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Georgia Court Considers Availability of Bond On DUI Appeal

handcuffsDespite the best efforts of criminal defendants and their attorneys, sometimes judges and juries get it wrong. They may miss a key piece of evidence, find themselves overly swayed by the opinions of certain experts, or simply have a bias against the defendant in the case. When this happens, they can end up finding a defendant guilty when the state did not meet their burden of proof beyond a reasonable doubt. Thankfully, our justice system understands that these types of errors occur and allows defendants an opportunity to appeal a trial court decision to a higher court of appeals. While the appellate process can ultimately remedy any errors that were made, it takes time and can leave criminal defendants in limbo while they wait. A recent case before the Court of Appeals of Georgia looked at whether defendants may be entitled to bond while they await the outcome of their appeal.

In this appeal, D.D. was charged with a third DUI in a 10 year period, which is treated as a high and aggravated misdemeanor in Georgia. Although D.D. was eligible for up to 36 months in jail, he was ultimately sentenced to only 180 days. D.D. did not promptly appeal this sentence but instead waited and filed a belated motion for permission from the trial court to file an “out of time appeal.” This would have allowed D.D. to go ahead and file an appeal with the Court of Appeals. The trial court, however, denied D.D.’s motion, which he independently appealed in another proceeding. At the same time that D.D. sought his out of time motion, he also requested that he be let out on bond while his appeal proceeded in the Court of Appeals. He argued that because of the length of time it would take for an appeal to be heard and resolved, he would already have served his full 180-day sentence before the Court of Appeals determined if the sentence was even proper. The trial court disagreed, however, finding that since it had denied D.D.’s out of time motion, there was no basis to offer D.D. bond. D.D. separately appealed this decision as well.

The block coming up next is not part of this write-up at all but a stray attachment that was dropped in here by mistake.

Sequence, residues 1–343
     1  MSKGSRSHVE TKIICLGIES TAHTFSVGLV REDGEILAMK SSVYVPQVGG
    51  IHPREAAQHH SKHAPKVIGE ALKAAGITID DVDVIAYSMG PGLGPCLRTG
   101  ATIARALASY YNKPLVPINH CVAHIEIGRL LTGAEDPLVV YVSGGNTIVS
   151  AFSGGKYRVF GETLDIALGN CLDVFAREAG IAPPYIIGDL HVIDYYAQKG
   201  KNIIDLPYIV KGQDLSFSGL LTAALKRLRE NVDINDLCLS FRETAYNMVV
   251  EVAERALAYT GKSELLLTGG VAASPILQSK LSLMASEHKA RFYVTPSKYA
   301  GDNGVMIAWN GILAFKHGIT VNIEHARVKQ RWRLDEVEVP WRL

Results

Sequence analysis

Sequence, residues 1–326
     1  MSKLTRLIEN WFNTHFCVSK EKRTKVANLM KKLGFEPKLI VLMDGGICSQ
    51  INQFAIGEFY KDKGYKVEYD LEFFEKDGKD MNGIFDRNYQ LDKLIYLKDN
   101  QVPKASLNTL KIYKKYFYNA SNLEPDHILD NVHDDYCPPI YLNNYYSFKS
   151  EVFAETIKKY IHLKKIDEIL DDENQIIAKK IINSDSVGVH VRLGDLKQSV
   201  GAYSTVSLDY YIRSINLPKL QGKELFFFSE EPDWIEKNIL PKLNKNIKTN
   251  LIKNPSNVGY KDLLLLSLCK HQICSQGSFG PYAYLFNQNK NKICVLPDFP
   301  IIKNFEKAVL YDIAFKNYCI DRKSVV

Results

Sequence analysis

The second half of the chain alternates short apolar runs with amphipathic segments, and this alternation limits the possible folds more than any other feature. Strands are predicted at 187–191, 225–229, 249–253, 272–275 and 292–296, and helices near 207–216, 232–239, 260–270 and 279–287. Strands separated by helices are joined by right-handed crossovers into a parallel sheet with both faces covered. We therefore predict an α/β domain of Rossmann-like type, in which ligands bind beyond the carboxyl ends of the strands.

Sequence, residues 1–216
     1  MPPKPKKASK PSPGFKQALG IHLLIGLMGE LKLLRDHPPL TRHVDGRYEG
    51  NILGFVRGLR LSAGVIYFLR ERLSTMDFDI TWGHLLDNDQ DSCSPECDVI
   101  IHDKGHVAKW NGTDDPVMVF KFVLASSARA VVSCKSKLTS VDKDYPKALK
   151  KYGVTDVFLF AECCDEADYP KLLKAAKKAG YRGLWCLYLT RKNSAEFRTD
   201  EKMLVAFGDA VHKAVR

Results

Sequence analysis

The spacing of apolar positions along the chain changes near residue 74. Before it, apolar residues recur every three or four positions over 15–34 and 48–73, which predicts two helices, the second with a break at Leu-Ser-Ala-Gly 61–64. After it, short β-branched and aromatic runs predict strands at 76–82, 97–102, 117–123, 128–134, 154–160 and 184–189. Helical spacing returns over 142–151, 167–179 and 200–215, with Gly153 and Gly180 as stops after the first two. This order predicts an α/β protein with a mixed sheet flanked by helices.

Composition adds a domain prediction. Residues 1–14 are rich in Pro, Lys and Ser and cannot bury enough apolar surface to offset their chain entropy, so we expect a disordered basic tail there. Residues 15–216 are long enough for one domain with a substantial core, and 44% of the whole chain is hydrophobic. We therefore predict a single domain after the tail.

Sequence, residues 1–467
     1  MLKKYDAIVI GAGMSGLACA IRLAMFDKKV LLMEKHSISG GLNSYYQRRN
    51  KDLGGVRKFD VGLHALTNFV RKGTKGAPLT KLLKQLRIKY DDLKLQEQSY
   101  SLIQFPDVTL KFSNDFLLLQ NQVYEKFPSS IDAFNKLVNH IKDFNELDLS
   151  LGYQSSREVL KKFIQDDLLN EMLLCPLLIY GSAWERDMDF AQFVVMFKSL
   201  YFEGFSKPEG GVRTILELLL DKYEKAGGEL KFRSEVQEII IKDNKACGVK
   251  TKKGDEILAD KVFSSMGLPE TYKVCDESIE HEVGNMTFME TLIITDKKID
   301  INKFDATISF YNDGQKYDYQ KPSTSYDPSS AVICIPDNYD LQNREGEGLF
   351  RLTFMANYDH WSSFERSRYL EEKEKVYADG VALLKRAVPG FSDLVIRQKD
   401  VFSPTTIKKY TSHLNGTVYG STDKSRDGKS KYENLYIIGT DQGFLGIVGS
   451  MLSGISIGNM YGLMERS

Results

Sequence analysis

The Court of Appeals noted that no defendant is constitutionally entitled to bond while their appeal is pending. Thus, it is possible that defendants will be forced to serve their sentence while they wait for that sentence to be appealed. However, under Georgia law, defendants may be granted bond while their appeals are pending if they have only been convicted of a misdemeanor, depending on four factors:  (1) whether the defendant may flee while on bond; (2) whether the defendant may pose a danger to others while on bond; (3) whether the defendant may attempt to intimidate witnesses or affect his case while on bond; and (4) whether it appears that the defendant’s appeal is frivolous.

Here, the Court of Appeals looked at the record below and determined that the trial court had evaluated these four factors when considering whether to release D.D. on bond pending his appeal, but it found that he might be a flight risk and that he could pose a danger to members of the community while on bond. Based on these two considerations, the trial court decided not to offer D.D. bond, especially in light of its decision to deny D.D.’s out of time motion. Before the Court of Appeals, D.D. did not argue that he was not a flight risk or that he would not be a danger to the community. Accordingly, the Court of Appeals held that the lower court decision had to stand and that D.D. would be denied bond while he awaited his appeal, even if it meant that he might serve his sentence for his third DUI while he waited. D.D.’s appeal was denied.

For many DUI offenses, the length of the sentence that may be imposed will often be less than the time it may take for an appeal of that sentence to wind itself through the Georgia appellate courts. This makes the opportunity for bond particularly important to DUI defendants. In light of this recent ruling, criminal defendants should do their best to file a timely appeal, which will make it much more likely that they will be granted bond. They should also be prepared to argue why they will not be a flight risk or a danger to the public while out on bond. For more information about how to preserve your case for appeal, or how to obtain bond, the DUI defense attorneys at Baker & Slider, LLC, are available to answer your questions. To set up an initial consultation, contact our office at 706-208-1514.

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